I want to preface this article by saying I am in no way a statistician, merely a curious football fan.

In the middle of a game, an injured long snapper can spell out ‘doomsday’ in bold letters more so than an injured quarterback can. The reason being that snapping a football 15 yards is such a specialized talent that it deserves its own roster spot, but is also so simultaneously unimportant that teams never carry a backup. Weird, isn’t it?

Well, that train of thought led to the question, “Does an injured long snapper effect the performance of special teams as well?” And determining that answer is a lot more convoluted than one might think.

First, ‘long snapper’ is not treated like a position on most statistical databases, who are more likely to list them as a center, tight end, or linebacker. So to find a long snapper, you would have to search those positions for players that play in all 16 games, never started, and never accumulated any stats, and then, double check. Luckily, Pro-football-reference.com has a search engine that makes that much easier.

Second, you have to find instances where the long snapper was with the team for at least three years with the injured year lying in the middle. That way you have the sample you’re looking at, a base and end to see whether or not poor performance is regression.

Third, you have to look at the punters. They rack up the majority of the stats and their performance is normally very reflective of the special teams in general.

Fourth and final, you have to consider all the possible variables and realize there’s no possible way to say whether or not an injured long snapper hurts a team with 100 percent certainty. There’s everything from weather to punters purposefully kicking shorter punts because their coverage team sucks that could have an effect on the statistics that can’t really be accounted for.

Now that all that’s out of the way, let’s take a look at three instances of a long snapper getting hurt.

Our first occurrence comes in 2002 in the form of the Pittsburgh Steelers’ punter Josh Miller and long snapper Mike Schneck. Schneck missed four games between Week 2 and Week 8 (Steelers had a bye during Week 3). These are Miller’s stats in his three-year period.

Josh Miller Punts Avg Yards Touchbacks Inside the 20 Return Att Return Yards Avg Net
2001 59 42.5 2505 5 34 26 310 11.9 37.2
2002 During Injury 12 43.3 519 1 1 9 91 10.1 35.7
2002 No Injury 43 41.5 1784 4 14 19 255 13.4 35.6
2003 84 41.9 3521 8 27 47 299 6.4 38.4


The only difference that can be seen is that Miller had a harder time pinning opponents inside the 20-yard line during Schneck’s injury, but that could be easily explained by him having to punt from deeper in his own territory a great deal. And unless you read through the play-by-play for all of those games, that in of itself is hard to state.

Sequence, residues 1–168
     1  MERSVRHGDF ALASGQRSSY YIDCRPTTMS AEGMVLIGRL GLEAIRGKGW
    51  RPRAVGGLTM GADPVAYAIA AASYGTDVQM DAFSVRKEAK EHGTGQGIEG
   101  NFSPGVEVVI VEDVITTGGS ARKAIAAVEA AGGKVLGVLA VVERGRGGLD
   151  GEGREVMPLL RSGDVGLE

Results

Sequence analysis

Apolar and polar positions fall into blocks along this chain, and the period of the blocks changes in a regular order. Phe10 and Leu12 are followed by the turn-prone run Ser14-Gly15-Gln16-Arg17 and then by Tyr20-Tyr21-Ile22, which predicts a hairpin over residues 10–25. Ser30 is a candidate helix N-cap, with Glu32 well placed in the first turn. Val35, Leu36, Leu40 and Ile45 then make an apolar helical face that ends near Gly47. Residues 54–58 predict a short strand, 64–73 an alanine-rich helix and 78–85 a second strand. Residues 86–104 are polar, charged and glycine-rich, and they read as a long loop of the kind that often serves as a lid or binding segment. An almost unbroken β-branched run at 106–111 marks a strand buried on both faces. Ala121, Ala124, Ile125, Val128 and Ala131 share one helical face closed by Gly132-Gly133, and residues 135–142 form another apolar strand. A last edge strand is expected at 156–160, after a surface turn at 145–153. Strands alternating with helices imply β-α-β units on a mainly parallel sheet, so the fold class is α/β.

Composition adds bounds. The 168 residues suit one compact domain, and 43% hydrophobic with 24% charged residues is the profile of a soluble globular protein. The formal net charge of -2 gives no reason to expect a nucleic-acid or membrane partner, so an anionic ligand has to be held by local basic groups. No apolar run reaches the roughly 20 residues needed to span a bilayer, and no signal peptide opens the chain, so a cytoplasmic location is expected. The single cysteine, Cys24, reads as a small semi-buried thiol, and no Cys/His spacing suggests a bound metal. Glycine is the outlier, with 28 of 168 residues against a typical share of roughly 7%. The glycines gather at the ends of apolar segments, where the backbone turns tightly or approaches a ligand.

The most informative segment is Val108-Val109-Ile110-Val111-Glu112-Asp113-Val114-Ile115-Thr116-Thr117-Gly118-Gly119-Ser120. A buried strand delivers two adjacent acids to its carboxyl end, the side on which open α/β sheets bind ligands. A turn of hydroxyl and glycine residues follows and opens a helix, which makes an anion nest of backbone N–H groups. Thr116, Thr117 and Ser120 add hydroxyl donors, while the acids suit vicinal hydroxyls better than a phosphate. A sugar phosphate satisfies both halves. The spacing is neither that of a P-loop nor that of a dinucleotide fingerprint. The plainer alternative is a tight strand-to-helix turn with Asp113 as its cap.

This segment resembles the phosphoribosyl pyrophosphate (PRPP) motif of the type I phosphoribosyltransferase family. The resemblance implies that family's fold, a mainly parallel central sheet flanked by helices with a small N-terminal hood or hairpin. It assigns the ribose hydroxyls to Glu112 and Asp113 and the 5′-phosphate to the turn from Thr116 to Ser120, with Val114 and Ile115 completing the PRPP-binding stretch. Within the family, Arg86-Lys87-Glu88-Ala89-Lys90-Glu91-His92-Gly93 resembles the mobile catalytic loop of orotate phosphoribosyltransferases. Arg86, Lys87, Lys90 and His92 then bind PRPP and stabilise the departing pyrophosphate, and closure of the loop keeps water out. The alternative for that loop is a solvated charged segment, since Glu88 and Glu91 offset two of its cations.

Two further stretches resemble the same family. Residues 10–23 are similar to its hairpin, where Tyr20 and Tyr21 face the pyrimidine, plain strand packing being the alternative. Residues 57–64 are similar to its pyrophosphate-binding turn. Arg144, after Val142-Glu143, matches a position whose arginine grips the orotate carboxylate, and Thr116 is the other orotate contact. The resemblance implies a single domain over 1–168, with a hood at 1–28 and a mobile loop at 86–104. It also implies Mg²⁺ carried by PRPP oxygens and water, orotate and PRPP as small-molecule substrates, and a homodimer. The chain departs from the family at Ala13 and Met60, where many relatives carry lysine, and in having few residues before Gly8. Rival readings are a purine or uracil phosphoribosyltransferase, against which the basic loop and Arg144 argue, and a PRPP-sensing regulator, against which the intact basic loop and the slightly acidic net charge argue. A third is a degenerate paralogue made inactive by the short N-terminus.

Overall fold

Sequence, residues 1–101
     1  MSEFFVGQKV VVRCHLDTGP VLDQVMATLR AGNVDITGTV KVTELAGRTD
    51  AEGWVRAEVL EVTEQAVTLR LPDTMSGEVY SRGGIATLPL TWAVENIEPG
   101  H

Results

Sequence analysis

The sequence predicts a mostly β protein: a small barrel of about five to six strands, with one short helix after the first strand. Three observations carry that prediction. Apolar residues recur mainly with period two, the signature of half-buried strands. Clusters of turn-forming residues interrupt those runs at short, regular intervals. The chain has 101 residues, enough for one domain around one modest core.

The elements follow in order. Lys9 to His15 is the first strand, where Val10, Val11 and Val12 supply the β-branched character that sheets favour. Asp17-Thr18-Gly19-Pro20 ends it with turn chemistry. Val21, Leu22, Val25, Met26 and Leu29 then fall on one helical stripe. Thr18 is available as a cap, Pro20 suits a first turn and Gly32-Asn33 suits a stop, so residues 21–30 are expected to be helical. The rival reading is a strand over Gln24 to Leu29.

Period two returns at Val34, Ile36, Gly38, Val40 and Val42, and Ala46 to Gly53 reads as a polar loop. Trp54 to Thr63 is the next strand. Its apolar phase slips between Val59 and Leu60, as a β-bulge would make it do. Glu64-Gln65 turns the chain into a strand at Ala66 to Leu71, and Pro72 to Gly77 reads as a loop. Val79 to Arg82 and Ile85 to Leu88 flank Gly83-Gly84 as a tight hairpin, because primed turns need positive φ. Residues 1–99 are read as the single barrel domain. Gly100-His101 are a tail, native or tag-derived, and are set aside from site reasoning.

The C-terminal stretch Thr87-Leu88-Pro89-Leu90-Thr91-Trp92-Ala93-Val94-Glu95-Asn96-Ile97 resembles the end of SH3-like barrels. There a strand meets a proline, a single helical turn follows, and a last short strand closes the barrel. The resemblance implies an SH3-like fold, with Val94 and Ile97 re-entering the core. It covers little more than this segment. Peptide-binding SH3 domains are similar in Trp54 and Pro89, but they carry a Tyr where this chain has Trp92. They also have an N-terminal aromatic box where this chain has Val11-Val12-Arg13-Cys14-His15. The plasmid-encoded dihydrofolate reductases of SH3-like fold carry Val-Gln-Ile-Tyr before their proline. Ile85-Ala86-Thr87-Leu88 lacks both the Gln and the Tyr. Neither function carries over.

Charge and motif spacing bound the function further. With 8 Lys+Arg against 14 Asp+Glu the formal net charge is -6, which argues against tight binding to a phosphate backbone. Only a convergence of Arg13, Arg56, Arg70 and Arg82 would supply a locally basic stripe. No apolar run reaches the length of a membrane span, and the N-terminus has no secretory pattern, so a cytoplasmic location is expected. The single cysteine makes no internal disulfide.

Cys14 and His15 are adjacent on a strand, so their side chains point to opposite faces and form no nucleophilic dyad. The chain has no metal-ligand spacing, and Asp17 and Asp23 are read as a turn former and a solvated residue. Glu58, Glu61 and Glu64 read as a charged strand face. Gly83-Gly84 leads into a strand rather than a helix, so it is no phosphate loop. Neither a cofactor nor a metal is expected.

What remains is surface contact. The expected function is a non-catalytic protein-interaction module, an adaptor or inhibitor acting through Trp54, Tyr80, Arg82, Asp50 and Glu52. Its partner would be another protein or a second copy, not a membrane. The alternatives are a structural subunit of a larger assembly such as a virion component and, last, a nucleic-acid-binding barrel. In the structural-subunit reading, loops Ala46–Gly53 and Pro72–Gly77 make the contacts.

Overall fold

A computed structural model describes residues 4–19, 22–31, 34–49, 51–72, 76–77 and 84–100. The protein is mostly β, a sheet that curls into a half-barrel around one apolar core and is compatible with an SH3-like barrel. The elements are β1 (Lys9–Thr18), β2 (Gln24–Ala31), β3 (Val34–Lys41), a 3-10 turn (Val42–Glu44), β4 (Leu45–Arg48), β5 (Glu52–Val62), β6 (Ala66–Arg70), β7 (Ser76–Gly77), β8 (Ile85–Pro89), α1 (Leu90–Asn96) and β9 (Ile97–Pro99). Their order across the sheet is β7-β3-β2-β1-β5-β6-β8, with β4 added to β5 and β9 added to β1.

For this next one, I may have violated my own set of rules, but that’s just because of how hard it is to find when long snappers who have been hurt. So, I went with Dustin Colquitt’s rookie year when Chiefs’ long snapper Kendall Gammon went down after Week 10.

Dustin Colquitt Punts Avg Yards Touchbacks Inside the 20 Return Att Yards Avg Net
2005 Before Injury 43 40.5 1743 4 18 16 160 10 36.8
2005 After Injury 22 37.3 821 1 9 7 19 2.7 36.5
2006 71 44.3 3145 5 23 32 254 7.9 40.7


Colquitt’s average punt distance dropped slightly, but that’s pretty negligible. What is interesting, however, is how much the return yardage dropped off after the injury. More of a situational anomaly, I’m sure, but it’s worth pointing out.

Finally, the home town heroes themselves, the Baltimore Ravens’ Sam Koch and Morgan Cox. Cox tore his ACL during Week 7 versus Atlanta in 2014. Here’s the before, during, and after for Koch.

Sam Koch Punts Avg Yards Touchbacks Inside the 20 Return Att Yards Avg Net
2013 90 46.0 4138 9 27 46 419 9.1 38.9
2014 Before Injury 21 47.5 998 2 10 9 78 8.7 43.8
2014 After Injury 39 47.3 1843 2 16 14 88 6.3 45
2015 74 46.7 3454 5 29 35 176 5.0 42.9


Here, we see something we saw earlier with Miller. Koch seems to have a harder time pinning punts inside the 20-yard line after Cox got hurt. But it’s also the same counter-argument as Miller, he could just be punting deeper inside his own territory. Other than that, nothing noticeable seems to change.

Based on the surface data, one could conclude that a hurt long snapper might have some effect on directional punting. But this is a very small sample of data to say for sure. More information could be found from analyzing game film than statistics. There are too many variables that statistics can’t account for or measure like a bad snap or weather conditions. But there is one thing you can say about a long snapper getting injured, it doesn’t affect anything so egregiously that it shows up in the statistics of special teams.